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cont’d 2007-2008

employers, alternative schools, and coop/vocational education programs. This program will be developed by students at the University of Georgia in collaboration with community partners.

Robert B. Nielsen

Assistant Professor, Department of Housing and Consumer Economics

HACE 4000/6000 Research Methods in Housing and Consumer Economics is a research methods course developed by Nielsen partners students with a nonprofit organization to apply survey research skills in a real world setting. The service-learning project In Fall 2008, students enrolled this course collaborated with Georgia Watch, a non-profit consumer advocacy organization. Together, several consumer-relevant questions of interest were identified, then students designed a portion of a survey administered by the University of Georgia’s Survey Research Center. The process provided Georgia Watch the opportunity to have research questions answered using state-representative data, while simultaneously providing students with the experience of working with a non-profit client to meet a pressing research need. The information gathered through this collaboration will be used in Georgia Watch’s consumer education programs on short-term lending, debt levels, and mortgage lending practices in Georgia.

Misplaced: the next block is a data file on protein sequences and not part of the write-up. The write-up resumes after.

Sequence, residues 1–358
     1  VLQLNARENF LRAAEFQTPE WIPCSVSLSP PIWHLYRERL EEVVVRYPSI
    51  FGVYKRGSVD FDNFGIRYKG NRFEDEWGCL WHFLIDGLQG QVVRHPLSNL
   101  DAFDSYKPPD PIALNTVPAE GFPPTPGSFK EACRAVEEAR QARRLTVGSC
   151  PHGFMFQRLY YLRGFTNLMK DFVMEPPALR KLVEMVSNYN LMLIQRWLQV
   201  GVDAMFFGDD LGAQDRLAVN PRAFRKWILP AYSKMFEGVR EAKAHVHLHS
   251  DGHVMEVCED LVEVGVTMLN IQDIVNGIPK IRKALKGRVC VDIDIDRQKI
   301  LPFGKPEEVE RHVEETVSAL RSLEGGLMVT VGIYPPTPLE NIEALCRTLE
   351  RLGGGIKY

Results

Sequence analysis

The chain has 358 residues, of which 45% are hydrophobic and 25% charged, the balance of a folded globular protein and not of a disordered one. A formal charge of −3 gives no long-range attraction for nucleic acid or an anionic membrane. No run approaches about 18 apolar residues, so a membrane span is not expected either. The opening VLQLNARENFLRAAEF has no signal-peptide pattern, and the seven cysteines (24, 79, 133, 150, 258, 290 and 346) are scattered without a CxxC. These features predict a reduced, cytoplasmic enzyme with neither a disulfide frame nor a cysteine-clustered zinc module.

Uttiyo Raychaudhuri

Academic Professional Associate, Warnell School of Forestry and Natural Resources

Reefs to Rainforests: Service Learning through Resource Management in Fiji is a service-learning based Maymester study abroad offered through the UGA South Pacific Program. This global service-learning program provides student the opportunity to learn about sustaining human societies and the natural environment through educational eco-tourism. The growth of Fiji’s tourism is attributed to its renowned white sandy beaches, crystal-clear water, and brilliant living reefs. These have in-turn influenced over-development and the resultant impact on Fiji’s traditional societies. It is paramount that efforts are made to counter these effects and conserve both the natural resources as well as the traditional societies. Students collaborate Page 17

with agencies like the Fiji Locally-Managed Marine Area network (FLMMA) that is actively promoting and supporting community-based conservation initiatives managed according to traditional institutions. During the summer of 2008, UGA students visited the villages of Waitabu (6 students staying for 3 nights) and Soso (84 students staying for 1 night) and did homestays with the village families while participating in ecotourism related service-learning projects.

Leara Rhodes

Associate Professor, Journalism Department